This past weekend I attended the 14th annual YMCA-YWCA Connexion Fitness Conference for fitness professionals. It was a full day of seminars, workshops and networking with personal trainers, volunteers and fitness industry leaders. The keynote address was delivered by professor of Sport Psychology and author Terry Orlick. Terry talked about the keys to excellence, and how there are seven factors to achieving excellence in life: Commitment, Belief, Full Focus, Positive Images, Mental Readiness, Distraction Control and Constructive Evaluation. He combines these together as a wheel, in which each one plays an important role and cannot bring success by itself, but must be working in harmony with each of the other factors.
We all need to be more mindful in our lives. Many of us eat our emotions, when we’re bored, or we are dis-engaged from our food. Eating mindfully is a way to connect more with the practice of eating, re-enforce a healthy relationship with food and it allows you to be fully present while eating. Here are five simple ways to eat more mindfully:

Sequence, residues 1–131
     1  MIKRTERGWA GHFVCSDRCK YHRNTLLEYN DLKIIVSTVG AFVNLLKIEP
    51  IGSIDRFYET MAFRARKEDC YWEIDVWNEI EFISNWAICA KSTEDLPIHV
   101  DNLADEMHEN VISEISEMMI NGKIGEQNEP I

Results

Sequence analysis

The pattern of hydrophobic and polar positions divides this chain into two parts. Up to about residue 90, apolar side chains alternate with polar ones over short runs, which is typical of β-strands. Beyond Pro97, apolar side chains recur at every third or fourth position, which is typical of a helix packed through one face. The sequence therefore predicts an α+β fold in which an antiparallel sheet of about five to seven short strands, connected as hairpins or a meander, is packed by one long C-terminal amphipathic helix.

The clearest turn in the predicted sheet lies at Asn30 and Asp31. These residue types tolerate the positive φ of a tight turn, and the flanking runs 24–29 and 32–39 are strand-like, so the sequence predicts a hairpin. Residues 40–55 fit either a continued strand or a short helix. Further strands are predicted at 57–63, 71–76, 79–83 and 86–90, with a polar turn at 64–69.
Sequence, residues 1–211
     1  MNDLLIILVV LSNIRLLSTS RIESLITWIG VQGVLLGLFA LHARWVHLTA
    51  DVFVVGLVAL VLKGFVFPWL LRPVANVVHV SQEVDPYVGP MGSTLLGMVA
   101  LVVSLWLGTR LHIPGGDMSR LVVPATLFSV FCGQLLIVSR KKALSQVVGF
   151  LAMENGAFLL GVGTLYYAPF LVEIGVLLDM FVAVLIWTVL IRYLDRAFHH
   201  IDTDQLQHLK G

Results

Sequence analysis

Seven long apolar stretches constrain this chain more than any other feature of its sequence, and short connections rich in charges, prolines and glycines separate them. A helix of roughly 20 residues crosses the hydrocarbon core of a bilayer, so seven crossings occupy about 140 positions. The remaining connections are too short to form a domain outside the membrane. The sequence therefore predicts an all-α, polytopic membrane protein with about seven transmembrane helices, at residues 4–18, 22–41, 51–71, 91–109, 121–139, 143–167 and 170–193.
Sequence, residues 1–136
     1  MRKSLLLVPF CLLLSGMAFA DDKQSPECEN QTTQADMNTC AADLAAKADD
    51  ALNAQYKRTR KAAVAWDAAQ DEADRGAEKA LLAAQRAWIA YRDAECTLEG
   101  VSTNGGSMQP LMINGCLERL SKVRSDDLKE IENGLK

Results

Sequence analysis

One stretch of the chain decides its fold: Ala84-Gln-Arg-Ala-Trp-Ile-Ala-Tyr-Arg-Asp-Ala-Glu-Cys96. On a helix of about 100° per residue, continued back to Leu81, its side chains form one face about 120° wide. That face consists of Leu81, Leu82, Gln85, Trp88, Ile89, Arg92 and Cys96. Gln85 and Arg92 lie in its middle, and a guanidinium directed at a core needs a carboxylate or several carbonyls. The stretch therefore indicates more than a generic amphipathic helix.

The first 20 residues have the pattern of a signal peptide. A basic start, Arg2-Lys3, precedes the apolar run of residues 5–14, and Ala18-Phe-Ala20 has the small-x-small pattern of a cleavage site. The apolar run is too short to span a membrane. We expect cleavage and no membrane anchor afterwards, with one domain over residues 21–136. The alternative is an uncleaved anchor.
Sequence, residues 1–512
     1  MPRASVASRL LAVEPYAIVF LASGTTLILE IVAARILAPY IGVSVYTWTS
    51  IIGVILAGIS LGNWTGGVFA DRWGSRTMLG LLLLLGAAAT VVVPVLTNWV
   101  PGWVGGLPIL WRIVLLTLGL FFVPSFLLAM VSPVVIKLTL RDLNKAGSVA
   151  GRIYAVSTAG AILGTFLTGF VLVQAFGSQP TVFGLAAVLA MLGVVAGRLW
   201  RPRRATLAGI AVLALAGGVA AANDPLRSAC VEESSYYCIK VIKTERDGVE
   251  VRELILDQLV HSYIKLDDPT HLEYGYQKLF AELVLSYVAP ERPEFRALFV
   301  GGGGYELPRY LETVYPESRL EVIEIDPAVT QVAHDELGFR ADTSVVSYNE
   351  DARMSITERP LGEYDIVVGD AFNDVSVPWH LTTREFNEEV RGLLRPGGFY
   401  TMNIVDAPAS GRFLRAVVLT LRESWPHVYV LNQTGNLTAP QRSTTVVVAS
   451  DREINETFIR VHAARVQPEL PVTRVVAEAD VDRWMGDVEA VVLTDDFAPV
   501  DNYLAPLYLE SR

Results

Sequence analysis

An Ode to a Crib
This past weekend I dis-assembled our crib. The crib that we picked out at the beautiful baby furniture store when we were expecting our daughter. The crib that we used for our son for almost two years after that. And now, our first-born is in school and our youngest is so definitely not a baby, with his parrot-like repetition of everything we say and his mouth-full-of-teeth grin. And so, the crib had been sitting vacant for over a month, like the baby clothes and infant-seats that went before it, no longer needed for it’s intended purpose. Without need of it, and with it taking up so much valuable-real estate in our home, you would think that I, a purge-happy minimalist, would have been thrilled to part with it.